Simulations which utilize SPICE or functional models are often
composed of one or more of the following types of analyses:
DC, AC, Transient, Monte Carlo, etc.
PCB level simulations, which usually employ IBIS behavioral models,
are also a combination of several different classes of analyses,
Let us consider some notable features of each simulation type:
All or some of the nets to be simulated are not routed. Some
simulation programs assume Manhattan routing for un-routed segments and
assign default values for characteristic impedance and propagation
delay. An undesirable property of pre-layout simulation is that
crosstalk is usually ignored. On the other hand, this class of
simulation offers a high level of flexibility. Waveforms and flight
time data can be generated and analyzed. Important objectives of
pre-route simulation include determination of optimum component
placement, trace lengths and termination types.
Verification is one of the main aims of post-route simulation. The
changes implemented during the pre-layout simulation should be carefully
evaluated, to ensure that signal integrity degradations and timing
violations have been successfully eliminated. An advantage of
post-route over pre-route simualtion is that the effects of crosstalk
coupling can be accurately evaluated.
Frequently presents the simplest type of simulation. Creation of a
NET file aimed at limiting the simulation task to the nets or buses of
interest, rather than the whole board, is highly recommended. The model
files and topology should be carefully examined for completeness and
Multiboard hierarchical cases involve two or more boards linked
via cables or connectors, such as a motherboard with plug-in expansion
cards or memory modules. System simulation can be significantly more
complex than single board analysis. It is recommended that each board
to be simulated as a "stand alone", before performing hierarchical
simulation. Simulating each board separately, prior to system
simulation, suffers from the limitation that some nets will be
incomplete (without drivers or receivers) and therefore no waveforms can
be generated for those nets, but it can provide useful insight related
to the models, topology and impedances. Again, use of a NET file, to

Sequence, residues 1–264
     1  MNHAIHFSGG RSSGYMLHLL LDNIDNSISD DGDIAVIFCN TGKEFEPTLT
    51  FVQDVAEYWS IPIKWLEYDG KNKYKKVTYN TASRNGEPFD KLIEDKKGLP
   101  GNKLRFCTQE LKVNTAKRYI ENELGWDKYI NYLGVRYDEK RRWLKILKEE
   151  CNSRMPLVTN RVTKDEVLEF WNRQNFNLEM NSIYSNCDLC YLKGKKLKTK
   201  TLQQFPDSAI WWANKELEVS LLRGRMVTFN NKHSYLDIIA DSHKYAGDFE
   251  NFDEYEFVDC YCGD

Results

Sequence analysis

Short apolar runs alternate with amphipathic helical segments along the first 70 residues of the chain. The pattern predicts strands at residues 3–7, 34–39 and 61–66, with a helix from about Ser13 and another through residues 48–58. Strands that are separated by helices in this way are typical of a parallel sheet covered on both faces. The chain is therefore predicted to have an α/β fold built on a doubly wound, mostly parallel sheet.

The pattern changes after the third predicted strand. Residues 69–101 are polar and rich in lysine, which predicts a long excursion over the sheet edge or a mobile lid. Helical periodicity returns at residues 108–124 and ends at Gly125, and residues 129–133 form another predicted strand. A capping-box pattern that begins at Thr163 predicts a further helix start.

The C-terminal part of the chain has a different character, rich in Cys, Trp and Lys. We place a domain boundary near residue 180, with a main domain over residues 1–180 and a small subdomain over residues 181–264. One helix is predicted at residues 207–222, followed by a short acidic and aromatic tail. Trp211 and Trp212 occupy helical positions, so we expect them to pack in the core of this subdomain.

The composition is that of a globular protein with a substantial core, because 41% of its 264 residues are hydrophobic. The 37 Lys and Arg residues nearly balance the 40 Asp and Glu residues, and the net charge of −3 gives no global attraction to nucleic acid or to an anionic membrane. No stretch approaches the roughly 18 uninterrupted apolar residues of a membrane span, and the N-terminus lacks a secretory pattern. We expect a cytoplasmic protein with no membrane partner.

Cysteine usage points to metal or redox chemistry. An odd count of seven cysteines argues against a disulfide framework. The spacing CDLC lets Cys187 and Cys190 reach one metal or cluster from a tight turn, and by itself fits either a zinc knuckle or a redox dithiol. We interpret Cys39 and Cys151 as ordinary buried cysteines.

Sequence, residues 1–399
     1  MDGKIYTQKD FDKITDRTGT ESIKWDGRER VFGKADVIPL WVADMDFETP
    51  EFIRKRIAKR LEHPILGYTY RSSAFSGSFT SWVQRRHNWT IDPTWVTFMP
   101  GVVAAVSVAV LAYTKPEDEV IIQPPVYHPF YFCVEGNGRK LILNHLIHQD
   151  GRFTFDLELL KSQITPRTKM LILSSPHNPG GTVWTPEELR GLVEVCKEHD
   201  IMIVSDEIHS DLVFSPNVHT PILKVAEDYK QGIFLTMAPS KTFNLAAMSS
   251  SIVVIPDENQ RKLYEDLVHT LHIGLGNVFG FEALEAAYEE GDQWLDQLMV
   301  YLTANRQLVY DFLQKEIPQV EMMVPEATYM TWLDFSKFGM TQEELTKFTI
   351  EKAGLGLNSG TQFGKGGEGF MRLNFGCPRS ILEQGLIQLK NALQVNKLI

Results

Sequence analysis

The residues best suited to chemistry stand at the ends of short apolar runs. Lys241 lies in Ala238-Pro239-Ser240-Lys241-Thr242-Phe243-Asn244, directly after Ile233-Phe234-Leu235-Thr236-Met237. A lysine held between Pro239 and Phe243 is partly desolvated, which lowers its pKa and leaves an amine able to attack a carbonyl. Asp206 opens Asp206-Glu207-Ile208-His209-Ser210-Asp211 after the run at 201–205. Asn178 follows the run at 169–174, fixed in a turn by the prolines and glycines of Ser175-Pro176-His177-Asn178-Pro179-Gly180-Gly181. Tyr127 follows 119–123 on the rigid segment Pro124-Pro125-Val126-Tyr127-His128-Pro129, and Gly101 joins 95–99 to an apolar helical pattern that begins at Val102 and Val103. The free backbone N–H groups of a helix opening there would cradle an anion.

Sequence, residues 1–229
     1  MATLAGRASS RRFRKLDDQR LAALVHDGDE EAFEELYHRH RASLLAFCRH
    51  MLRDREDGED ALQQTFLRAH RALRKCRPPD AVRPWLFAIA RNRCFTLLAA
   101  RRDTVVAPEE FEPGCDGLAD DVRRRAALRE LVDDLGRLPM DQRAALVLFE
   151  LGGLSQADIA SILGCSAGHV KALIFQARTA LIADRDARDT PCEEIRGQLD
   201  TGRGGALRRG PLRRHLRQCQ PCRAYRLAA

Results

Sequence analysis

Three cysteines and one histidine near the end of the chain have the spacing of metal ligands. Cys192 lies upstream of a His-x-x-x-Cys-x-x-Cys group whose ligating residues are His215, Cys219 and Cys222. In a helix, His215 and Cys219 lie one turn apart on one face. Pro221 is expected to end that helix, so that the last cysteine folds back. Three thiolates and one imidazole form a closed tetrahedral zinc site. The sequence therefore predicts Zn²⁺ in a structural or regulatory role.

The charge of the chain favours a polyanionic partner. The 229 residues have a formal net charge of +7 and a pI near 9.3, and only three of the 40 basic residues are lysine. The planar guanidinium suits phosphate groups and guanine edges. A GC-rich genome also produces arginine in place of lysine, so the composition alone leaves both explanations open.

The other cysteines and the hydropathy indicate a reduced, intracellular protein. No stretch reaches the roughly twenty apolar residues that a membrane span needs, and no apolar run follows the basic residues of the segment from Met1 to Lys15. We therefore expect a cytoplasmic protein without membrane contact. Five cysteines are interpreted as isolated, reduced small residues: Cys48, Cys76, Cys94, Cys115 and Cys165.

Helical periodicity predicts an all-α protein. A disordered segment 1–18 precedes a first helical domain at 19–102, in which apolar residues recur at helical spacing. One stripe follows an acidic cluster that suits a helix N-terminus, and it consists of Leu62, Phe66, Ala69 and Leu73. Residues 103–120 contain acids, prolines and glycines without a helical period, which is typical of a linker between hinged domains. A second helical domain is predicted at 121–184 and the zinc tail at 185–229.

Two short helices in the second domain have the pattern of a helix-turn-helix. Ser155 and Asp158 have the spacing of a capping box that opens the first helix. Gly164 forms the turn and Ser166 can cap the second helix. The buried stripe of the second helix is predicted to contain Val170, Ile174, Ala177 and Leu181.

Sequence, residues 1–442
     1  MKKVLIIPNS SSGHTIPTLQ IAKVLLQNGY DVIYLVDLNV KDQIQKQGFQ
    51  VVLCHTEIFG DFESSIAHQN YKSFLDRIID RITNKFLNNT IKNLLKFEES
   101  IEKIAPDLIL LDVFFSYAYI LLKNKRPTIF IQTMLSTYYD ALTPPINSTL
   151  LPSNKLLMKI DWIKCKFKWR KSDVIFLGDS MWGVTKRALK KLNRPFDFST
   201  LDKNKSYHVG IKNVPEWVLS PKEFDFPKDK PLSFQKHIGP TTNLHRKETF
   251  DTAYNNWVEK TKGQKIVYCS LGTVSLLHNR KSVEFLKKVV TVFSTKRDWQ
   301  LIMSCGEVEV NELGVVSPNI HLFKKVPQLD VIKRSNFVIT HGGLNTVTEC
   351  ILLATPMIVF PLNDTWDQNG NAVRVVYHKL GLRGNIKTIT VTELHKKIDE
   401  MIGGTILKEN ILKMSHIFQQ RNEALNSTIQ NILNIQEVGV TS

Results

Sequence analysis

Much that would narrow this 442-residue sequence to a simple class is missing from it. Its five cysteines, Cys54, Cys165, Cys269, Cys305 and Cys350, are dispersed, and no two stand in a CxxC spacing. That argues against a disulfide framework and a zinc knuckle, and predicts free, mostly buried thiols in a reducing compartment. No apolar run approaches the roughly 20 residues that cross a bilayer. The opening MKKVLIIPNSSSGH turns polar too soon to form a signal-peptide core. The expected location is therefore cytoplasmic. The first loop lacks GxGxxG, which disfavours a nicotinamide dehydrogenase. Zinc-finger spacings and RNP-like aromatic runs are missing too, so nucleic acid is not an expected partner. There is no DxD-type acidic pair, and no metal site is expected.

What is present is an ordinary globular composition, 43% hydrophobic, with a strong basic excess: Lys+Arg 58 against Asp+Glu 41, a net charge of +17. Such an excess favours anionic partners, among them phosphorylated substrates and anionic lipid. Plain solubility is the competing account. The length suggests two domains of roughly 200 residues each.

contain the simulation to the critical sub-set, provides an effective
means to simplify the simulation task and to increase efficiency.
It appears to me that one possible way to classify SI simulations is
SI simulaions can be broadly divided as PRE-ROUTE and POST-ROUTE.
Each of the two includes SINGLE BOARD and MULTI-BOARD analyses as
subgroups. It should be noted that each simulation is usually carried
out for three corners: Maximum, Nominal and Minimum (or eqivalently,
Fast, typical and Slow) to verfiy the design under all conditions.
Furthermore, Single and Multi-board simulations in turn may contain
several types of analyses such as WHAT-IF and MONTE-CARLO, which are
briefly described below:
WHAT-IF anlysis can be carried out at any simulation stage, but it is
especially valuable during the pre-route phase. It provides a quick
method for investigating capabilities of various drivers, different
types of termination, and alterations in topology. WHAT-IF simlation
can serve as an efficient means for identification and elimination of
signal integrity and timing violations.
Finally, MONTE-CARLO is also regarded as an importnat class of
simulation. It can be utilized to determine the worst case spread
expected in a large sample of manufacured boards. This is accomplised
by a random variation of the driver strength, voltage and speed.
In concusion, an understanding of how SI simulations are classifed and
main objectives of each simulation type, is essential when formulating
an effective simulation strategy, its successful execution and
Thank you in advance for your comments.
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